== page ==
[ UPDATE 24/1/2021 23:00 ]: Eurocham has issued a statement denying that the government was mulling a shutdown. More details here.
Putrajaya is set to announce a total economic shutdown after February 4, should the number of COVID-19 cases in the nation continue to not show any improvement, the EU-Malaysia Chamber of Commerce and Industry (Eurocham Malaysia) said in a letter issued to its members.
A source linked to the organisation confirmed the authenticity of the letter with Malay Mail.
The letter detailed a summary of Eurocham Malaysia chief executive Sven Schneider’s meeting with the International Trade and Industry Ministry (Miti), which mentioned that the Ministry of Health (MOH) “has made a clear stand on the matter of a complete shutdown of the economy”.
“Should the infection rate not decrease, the Malaysian government will announce a shutdown/strict lockdown immediately after February 4, 2021. This is the current situation we are facing and Miti is appealing to all companies, foreign and local, to join the effort of reducing infections, breaking the chain, to keep the economy open for business,” the letter further read.
The letter stated that Schneider was invited to attend the “very important and urgent meeting” at Miti, on the evening of January 22, and that the meeting was chaired by the ministry’s secretary-general, Datuk Lokman Hakim Ali.
It also stated that the MOH believed it is the manufacturing sector, with 99 COVID-19 clusters, which is the main source of infection.
“Since in particular, dormitories and related activities (transportation, social activities) were identified as problems, while manufacturing sites itself usually demonstrate sufficient compliance, Miti brainstormed together with the present chambers of commerce a few potential measures.
“While we are awaiting more information from the Ministry and since time is of the essence, we share the preliminary outcomes here with you,” the letter read, listing several points.
Eurocham Malaysia requested companies to assign at least one human resource supervisor to manage and coordinate foreign workers or workers staying in dormitories, adding that the main goal for this is to minimise community movement, social activities and thereby compliance with the standard operating procedures (SOPs) of the movement control order (MCO).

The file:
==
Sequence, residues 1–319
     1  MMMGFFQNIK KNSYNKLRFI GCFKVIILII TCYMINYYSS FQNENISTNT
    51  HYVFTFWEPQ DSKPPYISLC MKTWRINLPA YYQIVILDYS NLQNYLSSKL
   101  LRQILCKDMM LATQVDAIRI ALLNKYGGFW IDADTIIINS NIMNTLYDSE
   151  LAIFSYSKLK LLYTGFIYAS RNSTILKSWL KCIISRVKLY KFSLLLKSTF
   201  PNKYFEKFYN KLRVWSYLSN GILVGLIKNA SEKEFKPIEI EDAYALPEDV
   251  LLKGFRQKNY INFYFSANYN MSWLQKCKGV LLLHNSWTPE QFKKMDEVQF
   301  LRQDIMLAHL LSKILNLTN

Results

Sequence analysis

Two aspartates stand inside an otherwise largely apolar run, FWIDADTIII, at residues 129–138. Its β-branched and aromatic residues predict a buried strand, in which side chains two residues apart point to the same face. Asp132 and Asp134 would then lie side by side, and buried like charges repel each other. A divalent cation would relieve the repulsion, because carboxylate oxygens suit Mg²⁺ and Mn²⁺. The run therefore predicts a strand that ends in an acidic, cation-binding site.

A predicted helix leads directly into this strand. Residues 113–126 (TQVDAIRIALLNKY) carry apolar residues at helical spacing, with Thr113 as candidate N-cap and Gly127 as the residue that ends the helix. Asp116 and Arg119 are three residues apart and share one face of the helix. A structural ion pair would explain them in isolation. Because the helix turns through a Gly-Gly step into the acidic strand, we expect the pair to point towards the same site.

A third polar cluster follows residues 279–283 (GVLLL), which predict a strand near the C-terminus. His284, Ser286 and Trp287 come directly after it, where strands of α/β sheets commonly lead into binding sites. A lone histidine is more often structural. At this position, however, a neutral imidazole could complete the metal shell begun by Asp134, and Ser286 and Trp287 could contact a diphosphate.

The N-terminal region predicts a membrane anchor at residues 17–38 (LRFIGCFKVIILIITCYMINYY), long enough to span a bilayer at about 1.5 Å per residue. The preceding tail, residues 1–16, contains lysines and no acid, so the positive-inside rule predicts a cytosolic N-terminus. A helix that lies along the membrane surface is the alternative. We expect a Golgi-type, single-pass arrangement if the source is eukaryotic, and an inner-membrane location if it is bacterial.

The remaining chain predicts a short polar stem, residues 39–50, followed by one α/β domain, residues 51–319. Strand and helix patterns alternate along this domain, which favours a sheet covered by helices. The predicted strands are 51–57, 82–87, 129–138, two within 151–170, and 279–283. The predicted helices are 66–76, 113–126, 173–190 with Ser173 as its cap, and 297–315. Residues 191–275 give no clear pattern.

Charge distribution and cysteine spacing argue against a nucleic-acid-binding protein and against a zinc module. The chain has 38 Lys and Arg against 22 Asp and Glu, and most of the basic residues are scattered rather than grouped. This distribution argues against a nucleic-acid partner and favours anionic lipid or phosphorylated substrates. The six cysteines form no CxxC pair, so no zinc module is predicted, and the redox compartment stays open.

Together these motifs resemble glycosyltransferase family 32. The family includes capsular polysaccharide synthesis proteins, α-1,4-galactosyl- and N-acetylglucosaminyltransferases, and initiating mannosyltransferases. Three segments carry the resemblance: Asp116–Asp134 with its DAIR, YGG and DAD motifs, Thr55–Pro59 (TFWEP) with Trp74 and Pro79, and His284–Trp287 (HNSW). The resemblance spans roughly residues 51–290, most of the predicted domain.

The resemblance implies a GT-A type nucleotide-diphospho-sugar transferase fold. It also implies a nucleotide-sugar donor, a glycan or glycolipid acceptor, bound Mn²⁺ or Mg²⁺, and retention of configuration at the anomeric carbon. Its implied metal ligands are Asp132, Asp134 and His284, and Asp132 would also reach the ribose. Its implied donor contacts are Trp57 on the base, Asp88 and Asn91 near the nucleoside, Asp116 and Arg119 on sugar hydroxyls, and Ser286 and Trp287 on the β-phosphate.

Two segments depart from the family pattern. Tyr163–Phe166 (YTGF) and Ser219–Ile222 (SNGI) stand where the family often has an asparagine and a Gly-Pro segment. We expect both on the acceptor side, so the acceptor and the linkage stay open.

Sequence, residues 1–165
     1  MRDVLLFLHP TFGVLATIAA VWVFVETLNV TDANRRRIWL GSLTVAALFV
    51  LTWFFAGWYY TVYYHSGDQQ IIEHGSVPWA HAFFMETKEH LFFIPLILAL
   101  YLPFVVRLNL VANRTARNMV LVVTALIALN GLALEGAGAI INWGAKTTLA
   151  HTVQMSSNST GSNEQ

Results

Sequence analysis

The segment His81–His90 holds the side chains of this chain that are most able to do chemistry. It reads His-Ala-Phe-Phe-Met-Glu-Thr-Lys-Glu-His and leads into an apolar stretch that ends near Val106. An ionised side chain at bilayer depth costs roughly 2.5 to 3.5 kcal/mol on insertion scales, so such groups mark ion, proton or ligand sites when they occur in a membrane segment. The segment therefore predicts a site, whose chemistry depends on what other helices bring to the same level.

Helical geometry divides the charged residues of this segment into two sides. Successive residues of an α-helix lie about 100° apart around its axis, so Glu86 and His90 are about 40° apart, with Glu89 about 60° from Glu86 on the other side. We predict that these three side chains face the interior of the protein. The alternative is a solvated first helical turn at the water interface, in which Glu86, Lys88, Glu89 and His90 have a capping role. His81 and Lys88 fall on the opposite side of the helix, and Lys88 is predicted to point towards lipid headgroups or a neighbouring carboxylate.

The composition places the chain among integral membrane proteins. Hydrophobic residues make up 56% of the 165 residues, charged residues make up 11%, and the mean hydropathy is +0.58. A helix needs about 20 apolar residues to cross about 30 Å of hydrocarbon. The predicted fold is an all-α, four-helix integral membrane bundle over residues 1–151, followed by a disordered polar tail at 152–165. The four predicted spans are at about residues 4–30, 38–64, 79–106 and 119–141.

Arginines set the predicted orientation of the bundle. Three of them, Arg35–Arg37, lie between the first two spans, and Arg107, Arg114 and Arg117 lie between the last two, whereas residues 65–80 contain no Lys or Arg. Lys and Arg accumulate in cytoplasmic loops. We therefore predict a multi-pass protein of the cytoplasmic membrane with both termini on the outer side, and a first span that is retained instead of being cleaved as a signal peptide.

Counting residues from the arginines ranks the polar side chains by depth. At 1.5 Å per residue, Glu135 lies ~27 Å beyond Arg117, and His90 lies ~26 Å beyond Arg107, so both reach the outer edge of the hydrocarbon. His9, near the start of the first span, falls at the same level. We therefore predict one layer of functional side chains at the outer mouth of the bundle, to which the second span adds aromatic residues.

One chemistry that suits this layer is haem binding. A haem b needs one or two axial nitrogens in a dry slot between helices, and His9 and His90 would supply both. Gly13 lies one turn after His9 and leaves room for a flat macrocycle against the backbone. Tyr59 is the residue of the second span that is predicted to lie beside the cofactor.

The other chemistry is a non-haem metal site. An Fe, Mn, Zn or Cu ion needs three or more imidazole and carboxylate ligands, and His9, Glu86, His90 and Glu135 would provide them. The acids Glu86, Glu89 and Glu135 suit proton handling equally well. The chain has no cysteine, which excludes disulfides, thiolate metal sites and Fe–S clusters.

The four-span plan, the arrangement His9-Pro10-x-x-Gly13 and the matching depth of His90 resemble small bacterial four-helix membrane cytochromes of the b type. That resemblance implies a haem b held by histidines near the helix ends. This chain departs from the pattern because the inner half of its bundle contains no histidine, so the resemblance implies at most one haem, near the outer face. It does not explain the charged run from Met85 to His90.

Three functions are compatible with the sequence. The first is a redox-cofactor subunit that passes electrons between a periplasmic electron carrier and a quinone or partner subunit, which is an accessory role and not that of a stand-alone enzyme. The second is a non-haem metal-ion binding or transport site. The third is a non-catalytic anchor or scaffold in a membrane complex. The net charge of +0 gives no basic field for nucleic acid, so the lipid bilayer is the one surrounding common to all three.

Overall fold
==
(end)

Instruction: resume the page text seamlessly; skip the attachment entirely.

It said that this was because often, workers in dormitories were found not to practise SOP compliance and engage unnecessarily in extensive social activities in or outside the dormitories.
“Companies are requested to also take responsibility in cases where foreign workers’ management or housing have been outsourced to employment agencies. There have been cases where poor housing conditions or transportation compliance by the agent has led to rising infections. Companies sometimes are not aware, but the government encourages to strengthen communication and coordination with employment agencies and outsourcing partners for the benefit of all.
“Companies are requested to establish basic quarantine spaces at their dormitories to ensure that suspected cases, close contacts and confirmed COVID-19 cases can be isolated/quarantined immediately and reduce risk of further spread. Any immediate and short-term measures are welcomed to reduce infections,” the organisation said.
It added that workers staying at home with family, may also be offered to stay at company quarantine facilities, should they and close contacts be suspected or tested positive.
“In the context of transportation, companies have to ensure social distancing and thereby reduction to 50 per cent of capacity of each vehicle is suggested. This will also be reflected in official SOPs, since we discovered yesterday an inconsistency in the current SOPs,” it said, adding that companies will also have to check with their respective supply chain partners for SOP compliance.
“There was also a discussion regarding testing capacity and contact tracing. There may be updates on this matter during the next few days as well.
“We understand that this must seem as another major challenge and potentially costly changes may have to be made. Nonetheless, Eurocham encourages its members to do whatever you can to reduce infections, break the chain and keep the economy open,” it said.
The record for daily new cases of COVID-19 in Malaysia was broken once again, with 4,275 cases reported yesterday.
However, daily recoveries from the disease also reached a new high, with 4,313 people reported to have been given a clean bill of health.
The MOH on its website for COVID-19 updates said active cases of COVID-19 in the country currently number 42,769; while the total number of confirmed cases in Malaysia has hit 180,455. ― Malay Mail